Water distribution in the Nadine Heredia settlement, in the district of San Juan de Miraflores, in Lima.Sebastián Castañeda
Lima, the world's second-largest city built on a desert after Cairo, will have no drinking water in 22 of its 43 districts starting Friday. It is a planned cut by the Drinking Water and Sewerage Service of Lima (Sedapal), but the population has been immersed in a spiral of concern for two aspects: the way the state company announces the measure and the reminder that Peru is a country where 10% (3.3 million) of its citizens do not have a public drinking water network and 23% (6.4 million) do not have Sewer connections. Conditions that will worsen before the imminent arrival of weather events such as coastal El Niño.
With two tweets on September 24, Sedapal reported succinctly that "it would soon interrupt the service in some districts of the capital" and that days later it would explain the contingency plan to "ensure the supply of users." The inaccuracy of the messages set off alarms, unleashing chaos. The supervisory body, the National Superintendence of Sanitation Services (Sunass), and other institutions urged Sedapal to explain the measure in detail. It was later learned that they had fallen short: it will not be "some districts" but just over half of Metropolitan Lima, affecting almost six million people. It will begin this Friday, October 6 and the reconnection will take two days in most areas, but in four districts it will last up to 96 hours. The reason for the suspension is to renew pipes in the southern sector, a necessity for a city where 35% of its pipes are more than 40 years old.
"I heard about this cut like everyone else," said Hania Pérez de Cuéllar, the Minister of Housing, Construction and Sanitation, an institution to which Sedapal is attached. The entity that manages the water of Lima and Callao was beheaded since September 5, after the departure of its former president Héctor Piscoya, accused of making irregular appointments and having driven while intoxicated. His replacement, Jorge Gomez Reategui, was appointed Saturday, a week after the massive cut.
As happened with the rise in the price of lemon, the authorities have tried to calm people down, but they have failed in the attempt. The most controversial statement has been that of the Minister of the Environment, Albina Ruiz: "Now we will bathe with a cup, we will save water. We're going to look at it on the bright side, which is where I always want to walk." Shortly after, to the discomfort of a sector of the population, Ruiz explained: "I brought it up, because it was part of my life (...) The meaning was to say: let's make rational use of water. Let's have these everyday practices of reusing."
According to Sunass, 635,000 Peruvians do not have drinking water in Lima and must buy it in cisterns, paying a surcharge: an average of fifteen soles (four dollars) per cubic meter when the Sedapal rate is around three soles (0.8 cents). The logic is perverse: those who have the least are the ones who pay the most. This is the case of the residents of the human settlement Vencedores de la Rinconada, in San Juan de Miraflores, who are supplied with water once every eight days or the human settlement San Genaro II, of Chorrillos, who claim to lack the service for 30 years. In addition, in some areas, such as the Señor de la Justicia neighborhood in Ventanilla, extortion occurs and there are mafias that demand a quota of 50 soles ($13.5) per family to allow tankers to climb the hills to fill the tanks.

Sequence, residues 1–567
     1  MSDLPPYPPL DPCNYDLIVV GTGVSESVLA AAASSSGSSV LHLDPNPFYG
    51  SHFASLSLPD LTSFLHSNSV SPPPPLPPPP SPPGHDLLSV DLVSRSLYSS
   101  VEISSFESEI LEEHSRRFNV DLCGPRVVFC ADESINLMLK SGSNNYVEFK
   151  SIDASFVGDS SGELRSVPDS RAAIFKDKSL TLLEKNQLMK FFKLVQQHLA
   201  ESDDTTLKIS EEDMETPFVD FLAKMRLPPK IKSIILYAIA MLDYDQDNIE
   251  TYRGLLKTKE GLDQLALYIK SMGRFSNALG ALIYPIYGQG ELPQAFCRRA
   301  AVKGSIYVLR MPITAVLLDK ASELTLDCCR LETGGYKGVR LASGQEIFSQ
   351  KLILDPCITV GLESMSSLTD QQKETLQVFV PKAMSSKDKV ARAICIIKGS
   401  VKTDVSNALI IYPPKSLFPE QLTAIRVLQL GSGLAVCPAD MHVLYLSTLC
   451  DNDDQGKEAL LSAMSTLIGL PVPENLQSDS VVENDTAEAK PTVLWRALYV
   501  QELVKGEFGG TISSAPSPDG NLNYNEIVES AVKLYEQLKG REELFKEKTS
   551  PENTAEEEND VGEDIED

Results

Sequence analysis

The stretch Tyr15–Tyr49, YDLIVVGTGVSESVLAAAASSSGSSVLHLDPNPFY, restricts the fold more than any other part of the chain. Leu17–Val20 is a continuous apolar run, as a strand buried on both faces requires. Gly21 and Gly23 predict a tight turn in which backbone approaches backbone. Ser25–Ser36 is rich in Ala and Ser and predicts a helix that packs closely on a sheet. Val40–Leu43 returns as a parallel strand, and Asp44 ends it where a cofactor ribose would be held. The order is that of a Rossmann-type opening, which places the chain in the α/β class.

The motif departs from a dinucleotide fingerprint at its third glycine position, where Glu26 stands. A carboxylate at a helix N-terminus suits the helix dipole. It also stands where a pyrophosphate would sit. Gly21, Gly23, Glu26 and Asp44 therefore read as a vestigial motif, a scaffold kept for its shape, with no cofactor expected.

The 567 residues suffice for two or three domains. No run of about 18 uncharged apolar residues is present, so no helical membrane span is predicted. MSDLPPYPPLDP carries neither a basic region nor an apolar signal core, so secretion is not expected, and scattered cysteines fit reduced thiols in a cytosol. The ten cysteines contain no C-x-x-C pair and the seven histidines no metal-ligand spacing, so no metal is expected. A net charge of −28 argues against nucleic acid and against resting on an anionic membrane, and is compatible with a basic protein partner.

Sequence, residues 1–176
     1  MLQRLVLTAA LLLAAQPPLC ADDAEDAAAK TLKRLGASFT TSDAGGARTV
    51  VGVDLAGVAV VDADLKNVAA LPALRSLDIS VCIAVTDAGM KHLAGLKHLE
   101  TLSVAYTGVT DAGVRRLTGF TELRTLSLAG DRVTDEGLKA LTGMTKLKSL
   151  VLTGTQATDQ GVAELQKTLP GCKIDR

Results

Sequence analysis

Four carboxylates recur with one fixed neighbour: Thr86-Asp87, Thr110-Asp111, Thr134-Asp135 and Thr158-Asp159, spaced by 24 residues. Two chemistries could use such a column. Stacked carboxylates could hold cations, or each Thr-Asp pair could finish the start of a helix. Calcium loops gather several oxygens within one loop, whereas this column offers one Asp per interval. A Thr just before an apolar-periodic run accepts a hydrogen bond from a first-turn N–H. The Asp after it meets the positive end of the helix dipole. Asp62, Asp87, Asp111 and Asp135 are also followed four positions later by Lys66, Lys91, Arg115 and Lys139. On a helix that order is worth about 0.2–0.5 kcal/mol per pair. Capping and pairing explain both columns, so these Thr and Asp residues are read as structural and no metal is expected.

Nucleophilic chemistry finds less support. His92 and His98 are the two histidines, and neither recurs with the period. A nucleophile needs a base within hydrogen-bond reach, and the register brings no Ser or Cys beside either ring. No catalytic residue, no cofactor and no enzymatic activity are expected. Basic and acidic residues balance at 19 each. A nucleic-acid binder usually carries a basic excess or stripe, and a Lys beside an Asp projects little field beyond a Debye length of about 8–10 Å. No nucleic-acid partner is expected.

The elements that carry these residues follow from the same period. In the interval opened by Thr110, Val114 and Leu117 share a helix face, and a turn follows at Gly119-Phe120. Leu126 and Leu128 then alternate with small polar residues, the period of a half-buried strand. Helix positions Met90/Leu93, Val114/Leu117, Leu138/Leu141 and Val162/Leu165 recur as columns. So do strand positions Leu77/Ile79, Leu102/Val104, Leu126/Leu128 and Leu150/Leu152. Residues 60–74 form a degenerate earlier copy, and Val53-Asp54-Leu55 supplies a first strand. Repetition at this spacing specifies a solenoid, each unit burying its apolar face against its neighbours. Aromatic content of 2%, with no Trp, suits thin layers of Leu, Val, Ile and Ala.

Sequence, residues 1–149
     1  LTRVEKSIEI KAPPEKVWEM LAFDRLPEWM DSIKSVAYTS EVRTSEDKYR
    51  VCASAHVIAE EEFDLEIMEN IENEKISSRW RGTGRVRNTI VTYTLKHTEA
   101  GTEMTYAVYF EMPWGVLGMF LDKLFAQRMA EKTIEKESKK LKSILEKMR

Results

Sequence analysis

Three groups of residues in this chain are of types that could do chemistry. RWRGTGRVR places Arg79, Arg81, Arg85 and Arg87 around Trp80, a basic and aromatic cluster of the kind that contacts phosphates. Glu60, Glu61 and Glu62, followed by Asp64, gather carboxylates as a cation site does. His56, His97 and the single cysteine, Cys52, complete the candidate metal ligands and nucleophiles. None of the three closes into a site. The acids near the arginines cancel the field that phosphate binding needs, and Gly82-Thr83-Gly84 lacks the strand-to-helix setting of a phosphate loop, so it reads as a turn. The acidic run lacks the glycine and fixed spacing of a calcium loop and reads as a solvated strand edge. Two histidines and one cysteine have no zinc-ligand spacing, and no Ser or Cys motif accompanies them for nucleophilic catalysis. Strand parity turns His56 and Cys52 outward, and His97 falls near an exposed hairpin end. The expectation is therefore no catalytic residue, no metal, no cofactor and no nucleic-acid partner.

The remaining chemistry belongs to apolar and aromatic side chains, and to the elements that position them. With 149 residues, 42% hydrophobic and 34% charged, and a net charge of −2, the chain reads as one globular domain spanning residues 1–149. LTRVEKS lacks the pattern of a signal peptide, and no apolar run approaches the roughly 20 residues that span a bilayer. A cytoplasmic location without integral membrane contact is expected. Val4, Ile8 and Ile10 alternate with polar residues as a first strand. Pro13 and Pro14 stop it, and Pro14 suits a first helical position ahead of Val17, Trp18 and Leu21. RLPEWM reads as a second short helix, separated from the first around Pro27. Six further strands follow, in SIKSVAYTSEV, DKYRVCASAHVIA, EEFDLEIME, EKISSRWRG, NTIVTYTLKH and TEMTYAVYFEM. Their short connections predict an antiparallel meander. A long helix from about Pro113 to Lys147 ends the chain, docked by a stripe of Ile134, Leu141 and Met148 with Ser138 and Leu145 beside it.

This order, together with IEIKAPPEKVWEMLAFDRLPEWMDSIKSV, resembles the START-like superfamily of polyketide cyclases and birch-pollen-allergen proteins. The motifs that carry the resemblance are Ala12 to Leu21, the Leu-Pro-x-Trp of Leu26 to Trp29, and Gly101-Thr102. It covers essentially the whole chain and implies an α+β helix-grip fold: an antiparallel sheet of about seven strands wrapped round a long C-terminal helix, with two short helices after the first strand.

While citizens have taken to the streets to buy buckets, rafts and plastic bins, the discussion in the political field has revolved around whether water should be privatized, an issue that spins in circles before the precariousness of access to an indispensable good. "You cannot privatize a right," warned Congresswoman Sigrid Bazán, of the Democratic Change-Together for Peru bloc. Bazán has denounced that at the end of September a law was enacted that has given legislative powers to the Executive Power, among which is "allowing the use of infrastructure (sanitation services) to provide public services", which paves the way for private companies to market water.
For Gonzalo Prialé, president of the Institute of Infrastructure, Institutionality and Management, a viable option is public-private partnerships. "The solution is not to privatize, but to hire management and long-term investments. The problem is not the money, but the management capacity, "he remarks. The Minister of Housing does not have a definite position on the matter. He has said that privatization is viable, but at the same time he has indicated that they are not thinking about it happening in the short term. "We will analyze in detail whether the solution is a privatization or a restructuring (of Sedapal)," he says.
Management is critical. According to the newspaper El Comercio, the Safe Water for Lima and Callao (Paslc) program, whose purpose is to reduce drinking water and sanitation gaps, has only executed 36.1% of its budget so far in 2023. In the regions, the picture is more compromised: on September 19, the Government declared an emergency in 544 districts of 14 departments due to imminent danger due to a water deficit as a result of the El Niño phenomenon.
On Monday, Sedapal authorities met with 16 mayors from the 22 districts affected by the massive outage. The state company assures that it will enable 102 water distribution points in Metropolitan Lima and 100 tanker trucks to reduce the impact. Nor will it charge for the hours in which the capital will run out of water.
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